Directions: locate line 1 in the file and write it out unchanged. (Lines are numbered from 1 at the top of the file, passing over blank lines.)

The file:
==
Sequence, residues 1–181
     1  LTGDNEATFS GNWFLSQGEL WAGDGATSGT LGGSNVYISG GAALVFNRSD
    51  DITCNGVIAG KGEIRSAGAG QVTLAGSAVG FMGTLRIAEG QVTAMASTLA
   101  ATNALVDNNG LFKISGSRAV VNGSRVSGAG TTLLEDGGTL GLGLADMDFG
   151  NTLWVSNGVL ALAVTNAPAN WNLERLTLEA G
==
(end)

Sequence, residues 1–181